Economic Growth in India Lumbering Elephant or Running Tiger -- Deepak Nayyar

Topics: Economics, Economy, Socialism Pages: 5 (1643 words) Published: May 20, 2013

Lumbering Elephant or Running Tiger -- Deepak Nayyar

Is the India growth story over? The debate rages as pundits predict India’s growth rate between 5 and 6 percent in 2012-2013. From ‘Time’ magazine to news networks across the world, India’s crimping growth in recent years has become a favourite subject of discussion and debate. Headlines scream – Does India still have a growth story to tell, Who killed the India growth story, What can be done to revive the India growth story, -- all reflecting Indian economy’s significance in the global scheme.

While opinions range from downright pessimism to rosy optimism, Deepak Nayyar attempts to weave in a balance. The former Delhi University Vice Chancellor displays a sense of history, not falling prey to the cardinal mistake of looking at past from the prism of today. And by doing so, he puts things in perspective – neither being overwhelmed by India’s impressive growth over the post-liberalisation years nor slamming the slow growth in the first decades post Independence. One could say though that the economist with socialist leanings is more kindly disposed towards what critics have dubbed as the ‘Hindu rate of growth’ of the 50s through to the 70s. And less complimentary about the big growth push ushered in by the economic reforms introduced since 1991.


Nayyar’s analyses economic growth in independent India by dividing the sixty years in two distinct phases...from 50s, when India launched its mixed economy model with 5-year plans till the end of 70s; and then 80s, when the first steps of market-driven reforms were launched, till 2004-05.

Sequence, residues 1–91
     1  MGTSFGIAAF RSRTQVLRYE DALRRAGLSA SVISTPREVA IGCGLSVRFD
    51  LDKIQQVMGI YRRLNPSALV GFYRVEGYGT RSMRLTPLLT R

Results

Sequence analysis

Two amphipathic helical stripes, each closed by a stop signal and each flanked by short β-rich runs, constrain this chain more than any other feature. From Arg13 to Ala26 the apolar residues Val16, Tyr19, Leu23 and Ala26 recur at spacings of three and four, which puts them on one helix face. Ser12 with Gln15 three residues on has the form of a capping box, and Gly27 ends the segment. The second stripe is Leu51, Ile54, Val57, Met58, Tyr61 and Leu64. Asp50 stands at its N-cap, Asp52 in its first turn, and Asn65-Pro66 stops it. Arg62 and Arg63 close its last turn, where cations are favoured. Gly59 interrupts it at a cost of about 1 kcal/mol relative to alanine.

This phased analysis puts things in perspective. Post-independence, for a nation exploited and shackled by colonial rule, the thrust was on following an egalitarian path of development that was sensitive to the needs of the 400 million people who were experiencing the whiff of freedom. Nayyar rightly points out that decisions of the political leadership of the time, led by Pandit Jawaharlal Nehru, as was the trend then, were influenced by the socialist wave that was sweeping through Europe and Asia. So, India’s ‘tryst with destiny’ led it to work towards a socialistic pattern of society through economic growth with self-reliance, social justice and poverty alleviation. These objectives were to be achieved within a democratic political framework using the mechanism of a mixed economy where both public and private sectors co-exist.


This development model, though did not quite achieve its goals. Till the 90s, India’s growth rate averaged just about 4 percent per annum, shockingly even less than Sub-Saharan Africa and other least developed economies of the world. Nayyar acknowledges this failure, but perhaps his leftist leanings, make him take a more than sympathetic view. The distinguished economics professor couches his criticism by highlighting the fact that the infrastructure built during this period served as the launch pad for the high economic growth of the 90s and the first decade of the 21st century. “It was about establishing institutions, not only economic but also social and political. Goals were to create the base for development in a country that was a latecomer to industrialisation,” defends Nayyar. The JNU Professor is, however, silent on how India suffered for entrusting these goals to its public sector whose monumental inefficiency was seen as one of the key reasons to drag the country to the precipice of an economic collapse in the early 90s. Thanks to it, the premise on which post-independence development strategy was built -- generate public savings for increasing levels of investment -- failed to achieve the heights that it had targeted. The public sector instead of being a generator of savings for the community’s good became, over time, a consumer of community’s savings and gradually became a net drain on the society as a whole. The ‘trickle down’...
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